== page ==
Weld curtains enclose larger manufacturing and maintenance operations and can encompass an entire welding department. The length of a single side of a curtain wall can be limitless, and track layout enables the enclosure to conform tightly to the needed welding floor space.
To facilitate material handling, weld curtains hang from the ceiling with easily attached and reattached tracks. The hanger hardware has rollers that glide along a ceiling track. The gap between the ceiling and the top of the curtain enables the installation of exhaust blowers to pull welding fumes out of the area.
When large machinery has to be brought in and out of the area or a forklift needs to enter the area, the curtains effortlessly slide out of the way. In accordance with the lean manufacturing concept, the curtains can configure welding cells to meet the needs of the operation and any change to make it more efficient.
Flexible Enclosure Basics
As for the basics of flexible welding enclosure selection:
For curtains and screens
- Vinyl should be at least 14 mil thick to withstand weld splatter, as well as being able to withstand rugged manufacturing/maintenance environments. The thickness of the curtain also means it can hold its own weight when being suspended from the ceiling or on the weld screen frame to prevent the panel from tearing.
- Panels should block harmful UV rays.
- They should have the capability to contain welding fumes.
- The panel material must be capable of passing the strictest state fire retardancy tests.
- The panel material must be mildew and rot resistant.
For welding curtains
- Though some manufacturers offer floor-to-ceiling transparent panels, other designs are available that have an opaque vinyl section at the top and bottom panel, having the transparent section running along the middle of the panel. This design provides greater panel strength and longer life.
- The suspension hardware must allow easy opening of the curtains. In a typically busy operation, people and vehicles will pass in and out of the area scores of times during the day. Though easy access is important, still more is easy closing to encourage people to shut the gap between the curtains when passing in and out of the area. The opaque material on the bottom and top should be chain weighted, and both the top and bottom opaque vinyl should be rot and mildew resistant. The center transparent panel could be attached with hook-and-loop material. This allows portions of the panel to be changed without replacing out a whole new curtain panel.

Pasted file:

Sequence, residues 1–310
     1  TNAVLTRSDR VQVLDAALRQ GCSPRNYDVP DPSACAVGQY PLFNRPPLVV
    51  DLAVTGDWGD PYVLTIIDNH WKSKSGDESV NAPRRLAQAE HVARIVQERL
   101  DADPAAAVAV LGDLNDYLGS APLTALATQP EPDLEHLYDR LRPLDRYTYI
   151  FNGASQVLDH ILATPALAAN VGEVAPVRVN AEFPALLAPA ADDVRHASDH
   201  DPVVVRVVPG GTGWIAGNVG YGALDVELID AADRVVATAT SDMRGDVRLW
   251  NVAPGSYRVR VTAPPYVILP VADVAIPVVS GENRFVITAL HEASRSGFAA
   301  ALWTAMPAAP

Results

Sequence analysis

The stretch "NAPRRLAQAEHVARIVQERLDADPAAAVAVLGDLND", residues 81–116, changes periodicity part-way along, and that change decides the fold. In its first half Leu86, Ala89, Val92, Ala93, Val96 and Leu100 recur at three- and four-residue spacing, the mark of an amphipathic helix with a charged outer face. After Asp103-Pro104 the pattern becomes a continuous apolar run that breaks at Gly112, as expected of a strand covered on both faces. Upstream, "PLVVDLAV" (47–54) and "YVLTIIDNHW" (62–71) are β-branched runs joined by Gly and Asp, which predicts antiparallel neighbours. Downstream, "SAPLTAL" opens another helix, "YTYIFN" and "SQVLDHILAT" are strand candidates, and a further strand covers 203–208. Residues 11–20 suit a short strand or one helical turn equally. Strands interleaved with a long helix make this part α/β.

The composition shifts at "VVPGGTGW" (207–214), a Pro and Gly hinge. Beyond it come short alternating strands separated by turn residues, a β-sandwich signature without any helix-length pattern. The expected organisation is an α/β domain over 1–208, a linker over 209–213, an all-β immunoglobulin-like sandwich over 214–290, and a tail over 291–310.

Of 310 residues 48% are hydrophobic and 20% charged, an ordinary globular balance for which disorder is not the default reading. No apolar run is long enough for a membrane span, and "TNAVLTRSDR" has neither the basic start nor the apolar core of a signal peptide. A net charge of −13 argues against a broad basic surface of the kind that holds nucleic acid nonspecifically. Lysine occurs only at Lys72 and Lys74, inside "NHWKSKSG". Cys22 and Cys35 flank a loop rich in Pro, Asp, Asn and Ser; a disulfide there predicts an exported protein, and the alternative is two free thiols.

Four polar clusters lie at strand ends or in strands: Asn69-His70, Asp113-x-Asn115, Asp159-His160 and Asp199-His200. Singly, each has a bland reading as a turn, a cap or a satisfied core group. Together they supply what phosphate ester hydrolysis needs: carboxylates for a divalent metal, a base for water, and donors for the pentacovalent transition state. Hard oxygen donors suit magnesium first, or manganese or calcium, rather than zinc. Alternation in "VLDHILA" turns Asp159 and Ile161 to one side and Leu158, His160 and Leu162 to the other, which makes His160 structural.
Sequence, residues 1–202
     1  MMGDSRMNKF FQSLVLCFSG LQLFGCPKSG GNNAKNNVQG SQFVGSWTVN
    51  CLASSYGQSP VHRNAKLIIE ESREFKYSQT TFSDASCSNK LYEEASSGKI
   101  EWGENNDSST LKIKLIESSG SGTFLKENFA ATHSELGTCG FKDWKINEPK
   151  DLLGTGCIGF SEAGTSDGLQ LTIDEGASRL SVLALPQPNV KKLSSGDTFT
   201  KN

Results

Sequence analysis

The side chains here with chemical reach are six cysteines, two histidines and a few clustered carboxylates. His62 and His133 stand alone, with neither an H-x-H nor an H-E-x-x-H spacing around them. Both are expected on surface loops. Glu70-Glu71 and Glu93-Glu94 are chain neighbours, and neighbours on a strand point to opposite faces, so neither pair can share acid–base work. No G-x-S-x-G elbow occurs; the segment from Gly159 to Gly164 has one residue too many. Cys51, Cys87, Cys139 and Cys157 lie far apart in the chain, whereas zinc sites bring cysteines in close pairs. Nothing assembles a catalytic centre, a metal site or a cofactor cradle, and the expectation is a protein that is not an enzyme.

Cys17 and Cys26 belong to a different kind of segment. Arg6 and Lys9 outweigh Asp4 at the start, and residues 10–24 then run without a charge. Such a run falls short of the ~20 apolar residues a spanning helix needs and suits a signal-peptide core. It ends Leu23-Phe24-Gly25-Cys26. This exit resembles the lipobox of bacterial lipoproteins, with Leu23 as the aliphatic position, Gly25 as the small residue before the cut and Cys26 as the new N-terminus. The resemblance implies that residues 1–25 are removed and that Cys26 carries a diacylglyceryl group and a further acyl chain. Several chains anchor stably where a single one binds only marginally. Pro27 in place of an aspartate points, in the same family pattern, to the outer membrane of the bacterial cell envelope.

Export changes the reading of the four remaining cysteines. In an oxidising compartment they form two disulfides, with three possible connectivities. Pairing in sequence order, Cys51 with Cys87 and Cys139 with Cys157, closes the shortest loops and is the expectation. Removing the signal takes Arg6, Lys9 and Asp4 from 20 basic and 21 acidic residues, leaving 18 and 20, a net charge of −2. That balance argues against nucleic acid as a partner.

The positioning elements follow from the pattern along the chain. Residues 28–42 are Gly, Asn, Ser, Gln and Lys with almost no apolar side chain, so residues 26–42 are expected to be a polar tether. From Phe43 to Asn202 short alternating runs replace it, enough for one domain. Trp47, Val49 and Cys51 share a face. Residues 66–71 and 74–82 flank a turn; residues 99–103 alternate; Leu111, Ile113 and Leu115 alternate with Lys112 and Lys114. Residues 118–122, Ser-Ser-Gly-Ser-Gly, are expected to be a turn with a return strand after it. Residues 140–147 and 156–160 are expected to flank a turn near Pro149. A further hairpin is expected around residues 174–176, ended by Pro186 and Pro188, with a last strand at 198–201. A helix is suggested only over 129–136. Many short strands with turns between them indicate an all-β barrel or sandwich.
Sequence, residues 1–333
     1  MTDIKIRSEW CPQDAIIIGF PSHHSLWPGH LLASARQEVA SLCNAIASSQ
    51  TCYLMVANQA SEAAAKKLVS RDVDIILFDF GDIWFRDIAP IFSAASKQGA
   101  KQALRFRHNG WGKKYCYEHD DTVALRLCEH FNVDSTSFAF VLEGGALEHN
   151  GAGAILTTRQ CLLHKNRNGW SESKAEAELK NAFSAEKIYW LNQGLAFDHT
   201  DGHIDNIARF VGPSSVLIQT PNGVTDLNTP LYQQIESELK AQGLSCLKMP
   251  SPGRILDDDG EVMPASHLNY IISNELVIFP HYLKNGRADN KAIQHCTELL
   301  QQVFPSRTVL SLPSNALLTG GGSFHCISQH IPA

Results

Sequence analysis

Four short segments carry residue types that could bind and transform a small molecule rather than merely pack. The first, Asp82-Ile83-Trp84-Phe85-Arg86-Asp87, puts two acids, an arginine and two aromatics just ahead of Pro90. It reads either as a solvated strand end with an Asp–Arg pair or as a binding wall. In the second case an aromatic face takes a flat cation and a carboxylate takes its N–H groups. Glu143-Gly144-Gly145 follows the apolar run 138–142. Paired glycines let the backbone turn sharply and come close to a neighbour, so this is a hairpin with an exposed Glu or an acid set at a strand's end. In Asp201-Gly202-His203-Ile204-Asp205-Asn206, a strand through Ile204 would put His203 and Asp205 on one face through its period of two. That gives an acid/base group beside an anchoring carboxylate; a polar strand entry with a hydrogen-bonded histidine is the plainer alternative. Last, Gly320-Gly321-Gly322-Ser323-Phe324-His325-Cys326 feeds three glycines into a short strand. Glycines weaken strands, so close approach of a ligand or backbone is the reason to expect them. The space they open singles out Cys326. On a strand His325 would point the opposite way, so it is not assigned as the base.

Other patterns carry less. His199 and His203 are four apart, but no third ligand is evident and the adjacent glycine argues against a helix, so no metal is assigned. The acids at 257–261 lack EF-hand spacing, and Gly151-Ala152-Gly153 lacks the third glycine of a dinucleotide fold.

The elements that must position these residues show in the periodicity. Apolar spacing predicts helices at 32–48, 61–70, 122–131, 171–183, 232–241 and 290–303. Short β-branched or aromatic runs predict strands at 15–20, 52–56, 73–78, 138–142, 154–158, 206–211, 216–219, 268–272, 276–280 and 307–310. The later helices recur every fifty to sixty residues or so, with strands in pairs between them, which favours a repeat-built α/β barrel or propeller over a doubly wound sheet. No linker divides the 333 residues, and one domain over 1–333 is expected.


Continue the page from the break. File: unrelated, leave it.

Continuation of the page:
- The curtain panels can be interlocking hook-and-loop material to prevent personnel who do not belong in the area from entering.
For welding screens
- Panels and frames should be easy to move to encourage their use and discourage welders from avoiding the use of the screens when the job is regarded as brief.
- Make sure the screen frame is not flimsy. To minimize danger, the one time a screen should not topple over is during welding.
- Screens should have the capability to hinge together quickly for setups of various configurations.
- Corner panels to block light from exiting are important.
Because the idea here is to have transparent protection, the panels need to be wiped down periodically to remove dirt and fumes. The plastic can create a static charge, and so it will attract debris. Burn holes do occur in the panels; it's a good idea to keep a patching kit handy.
Among the operations involved with production and maintenance, welding is the one activity performed by so many that offers one of the greatest hazard levels, no matter which industry is using it. With plants becoming more cramped, this risk now gets transferred from those doing the work to those working nearby. Welding curtains and screens provide the opportunity for welders to work safely side by side with other processes.
This article appeared in the September 2006 issue of Occupational Health & Safety.
This article originally appeared in the September 2006 issue of Occupational Health & Safety.